I spent a number of years as a freelance writer.
And I have to admit, there were some benefits in being my own boss. I definitely prefer a pair of jeans to a pair of pantyhose. Also, slipping out to the grocery store during the day cut my shopping time in half. My daily commute? Just a short walk down the hall to my office.
However, there's one thing I don't miss about freelancing -- the paperwork.
Monthly invoices had to be issued to all my clients and payments had to be accounted for. Depending on the client, that involved tracking bank wire and PayPal account transfers, depositing checks and, in some cases, waiting weeks for checks issued in foreign currencies to clear.
Records of every penny spent on office supplies, postage, software, business trips and meals had to be maintained. Writing an annual check to the IRS is bad enough. As a freelancer, I was obligated to pay estimated taxes quarterly. At the end of the tax year, a few of my clients issued 1099 tax forms, while others didn't. And, of course, all my income had to be properly accounted for.
It didn't take me long to realize the benefit of owning a good businessaccounting software program.
The demand for paperwork gets kicked up a notch
I was reminded of myaccounting escapades the other day, after reading an article about a proposed new tax law. Starting in 2012, some lawmakers are trying to get small businesses, freelancers and independent contractors to generate even more paperwork: They will have to issue 1099 tax forms to any vendor on which they spend $600 or more annually.
So for instance, if a small business occasionally buys pizza for its employees, it may have to issue a 1099 form to the local pizza parlor at the end of the year.
I started to envision what my records would look like if I were still freelancing. Would I have to issue 1099s for my hat and bubble gum expenditures?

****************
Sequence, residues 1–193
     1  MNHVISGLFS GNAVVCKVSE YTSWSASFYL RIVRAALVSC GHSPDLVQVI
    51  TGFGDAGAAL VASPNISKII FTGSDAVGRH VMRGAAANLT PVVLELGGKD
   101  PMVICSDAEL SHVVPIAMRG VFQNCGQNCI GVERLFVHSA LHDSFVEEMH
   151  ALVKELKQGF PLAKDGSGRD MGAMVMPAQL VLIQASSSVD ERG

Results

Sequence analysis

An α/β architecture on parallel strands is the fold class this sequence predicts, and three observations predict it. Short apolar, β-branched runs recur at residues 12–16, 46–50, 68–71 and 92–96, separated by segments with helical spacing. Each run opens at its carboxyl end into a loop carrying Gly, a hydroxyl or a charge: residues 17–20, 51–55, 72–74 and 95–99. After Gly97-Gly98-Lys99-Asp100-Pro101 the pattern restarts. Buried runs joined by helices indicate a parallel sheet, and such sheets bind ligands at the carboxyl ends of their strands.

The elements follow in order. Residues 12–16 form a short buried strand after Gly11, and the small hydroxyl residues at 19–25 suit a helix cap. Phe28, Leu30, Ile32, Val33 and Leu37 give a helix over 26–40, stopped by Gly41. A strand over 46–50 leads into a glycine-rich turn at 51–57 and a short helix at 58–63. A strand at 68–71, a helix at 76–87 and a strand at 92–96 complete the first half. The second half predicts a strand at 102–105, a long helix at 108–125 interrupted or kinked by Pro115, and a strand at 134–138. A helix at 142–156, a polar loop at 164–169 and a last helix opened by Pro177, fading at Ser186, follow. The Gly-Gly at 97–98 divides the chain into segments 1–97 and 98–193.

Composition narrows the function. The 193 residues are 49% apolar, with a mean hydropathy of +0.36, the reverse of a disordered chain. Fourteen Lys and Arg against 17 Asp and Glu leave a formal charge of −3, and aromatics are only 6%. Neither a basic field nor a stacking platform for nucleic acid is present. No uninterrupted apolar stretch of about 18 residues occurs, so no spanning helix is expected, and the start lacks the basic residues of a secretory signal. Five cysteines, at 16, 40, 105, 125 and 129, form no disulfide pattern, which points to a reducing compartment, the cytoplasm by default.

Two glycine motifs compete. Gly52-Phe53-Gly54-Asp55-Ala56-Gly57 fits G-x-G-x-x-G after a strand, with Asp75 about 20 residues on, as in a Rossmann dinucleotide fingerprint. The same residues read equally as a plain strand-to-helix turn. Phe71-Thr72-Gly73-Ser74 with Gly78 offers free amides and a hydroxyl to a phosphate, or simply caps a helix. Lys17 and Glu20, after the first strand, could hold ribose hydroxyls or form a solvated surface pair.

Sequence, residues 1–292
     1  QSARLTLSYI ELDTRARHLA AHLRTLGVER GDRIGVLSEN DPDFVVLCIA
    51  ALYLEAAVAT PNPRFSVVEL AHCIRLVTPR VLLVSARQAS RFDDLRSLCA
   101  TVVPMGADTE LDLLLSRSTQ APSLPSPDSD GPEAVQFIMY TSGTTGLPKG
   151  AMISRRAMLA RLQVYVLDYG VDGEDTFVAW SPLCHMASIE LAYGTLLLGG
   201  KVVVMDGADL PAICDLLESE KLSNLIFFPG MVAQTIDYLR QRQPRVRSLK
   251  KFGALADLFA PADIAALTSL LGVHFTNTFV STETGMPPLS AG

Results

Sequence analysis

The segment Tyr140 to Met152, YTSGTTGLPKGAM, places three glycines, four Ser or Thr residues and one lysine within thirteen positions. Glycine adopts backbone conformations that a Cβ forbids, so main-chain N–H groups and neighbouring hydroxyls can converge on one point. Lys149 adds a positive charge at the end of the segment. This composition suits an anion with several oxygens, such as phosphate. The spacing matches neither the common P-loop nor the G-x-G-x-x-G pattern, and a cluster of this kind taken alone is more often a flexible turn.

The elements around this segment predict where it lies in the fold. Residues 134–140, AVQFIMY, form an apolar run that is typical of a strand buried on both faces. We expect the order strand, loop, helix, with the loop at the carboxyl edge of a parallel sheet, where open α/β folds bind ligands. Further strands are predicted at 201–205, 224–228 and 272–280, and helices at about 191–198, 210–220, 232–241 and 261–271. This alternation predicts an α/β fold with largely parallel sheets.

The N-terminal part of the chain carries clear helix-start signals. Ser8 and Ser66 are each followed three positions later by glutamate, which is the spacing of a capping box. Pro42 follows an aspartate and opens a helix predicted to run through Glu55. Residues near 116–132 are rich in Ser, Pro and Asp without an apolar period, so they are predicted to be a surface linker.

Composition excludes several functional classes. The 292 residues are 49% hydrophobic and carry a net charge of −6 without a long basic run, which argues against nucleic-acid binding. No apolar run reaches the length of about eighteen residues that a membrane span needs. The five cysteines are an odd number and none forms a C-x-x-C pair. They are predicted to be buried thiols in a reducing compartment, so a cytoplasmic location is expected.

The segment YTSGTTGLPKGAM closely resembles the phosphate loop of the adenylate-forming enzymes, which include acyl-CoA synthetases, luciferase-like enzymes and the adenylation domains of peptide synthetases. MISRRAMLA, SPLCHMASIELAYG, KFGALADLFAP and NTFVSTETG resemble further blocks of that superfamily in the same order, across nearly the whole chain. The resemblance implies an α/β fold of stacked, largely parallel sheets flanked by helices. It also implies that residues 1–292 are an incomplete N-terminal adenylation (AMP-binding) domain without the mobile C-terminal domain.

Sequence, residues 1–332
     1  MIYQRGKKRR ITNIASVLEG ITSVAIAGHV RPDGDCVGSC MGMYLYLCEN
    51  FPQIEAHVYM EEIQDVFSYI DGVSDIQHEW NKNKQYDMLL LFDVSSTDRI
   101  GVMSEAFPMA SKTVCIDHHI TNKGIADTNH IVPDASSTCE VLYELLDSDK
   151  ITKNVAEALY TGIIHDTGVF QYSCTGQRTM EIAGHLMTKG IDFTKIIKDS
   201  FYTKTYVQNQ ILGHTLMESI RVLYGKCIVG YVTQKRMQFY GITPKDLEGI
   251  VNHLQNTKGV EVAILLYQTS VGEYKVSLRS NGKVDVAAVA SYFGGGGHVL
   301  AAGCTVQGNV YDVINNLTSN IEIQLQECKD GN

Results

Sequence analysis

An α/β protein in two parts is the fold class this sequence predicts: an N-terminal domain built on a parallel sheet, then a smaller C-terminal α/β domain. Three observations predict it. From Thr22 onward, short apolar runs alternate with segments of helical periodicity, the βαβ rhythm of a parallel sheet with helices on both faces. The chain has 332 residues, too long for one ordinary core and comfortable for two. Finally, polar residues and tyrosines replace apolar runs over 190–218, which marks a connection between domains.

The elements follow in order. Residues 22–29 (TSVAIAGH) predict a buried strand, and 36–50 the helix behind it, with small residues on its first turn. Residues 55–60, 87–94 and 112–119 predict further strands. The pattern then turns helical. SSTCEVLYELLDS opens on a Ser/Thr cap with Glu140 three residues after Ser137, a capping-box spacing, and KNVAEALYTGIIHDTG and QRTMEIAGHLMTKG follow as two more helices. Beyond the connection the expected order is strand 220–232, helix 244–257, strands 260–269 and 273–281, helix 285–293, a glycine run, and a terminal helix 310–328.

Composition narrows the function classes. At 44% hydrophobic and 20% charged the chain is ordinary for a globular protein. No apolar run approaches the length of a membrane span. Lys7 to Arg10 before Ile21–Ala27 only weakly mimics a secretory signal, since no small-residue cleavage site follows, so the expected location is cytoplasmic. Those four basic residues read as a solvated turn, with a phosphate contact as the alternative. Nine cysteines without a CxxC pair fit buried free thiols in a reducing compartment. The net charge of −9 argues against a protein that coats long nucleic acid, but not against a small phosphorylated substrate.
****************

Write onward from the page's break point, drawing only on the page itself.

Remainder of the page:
Regardless of whether this proposed tax law is enacted or not, we're living in an increasingly entrepreneurial age, as experienced workers strive to start their own firms.
It's hard to know the official tally of independent workers in the United States. It's not tracked regularly -- the government jobs report only tracks company payrolls, while other organizations track temporary workers. But putting all the bits and pieces together, estimates suggest independent workers make up roughly 20% of the U.S. workforce. And this number continues to grow.
To have a higher degree of flexibility, employers are utilizing more independent contractors, temporary workers and freelancers. At the same time, more workers are heeding the call. It used to be that workers preferred a permanent employer in order to obtain health insurance and a more secure income stream.
But with the passage of the new health care law, health care insurance is less of an impediment for independent workers. A workforce that once felt a securebond with its corporate employer has seen just how quickly thatbond can be broken when corporateearnings need a boost. After all, when you're self-employed, the last person you're going to lay off is yourself.
While the majority of U.S. citizens doesn't have to sweat the quarterly nuisance of estimated taxes, we all have to face the music once a year.
At tax time, I'm always reminded of an old Morgan Stanley advertisement: "You must pay taxes. But there's no law that says you gotta leave a tip." But it's hard to wade through the tax code. As one U.S. Congressman puts it: "Our tax code is so long, it makes War and Peace seem breezy." It's even harder to ensure you're not leaving a tip when the tax code changes.
In these leaner economic times, no one wants to leave any money on the table. The swelling ranks of independent workers are finding better accounting solutions so they can get down to the real work at hand. And all of us will be looking for ways to demystify the pending changes to the tax code.
The handful of companies in the tax-prep industry that can make our taxes easier should have a captive audience for years to come.
-- Amy Calistri
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Disclosure: Neither Amy Calistri nor StreetAuthority, LLC hold positions in any securities mentioned in this article.
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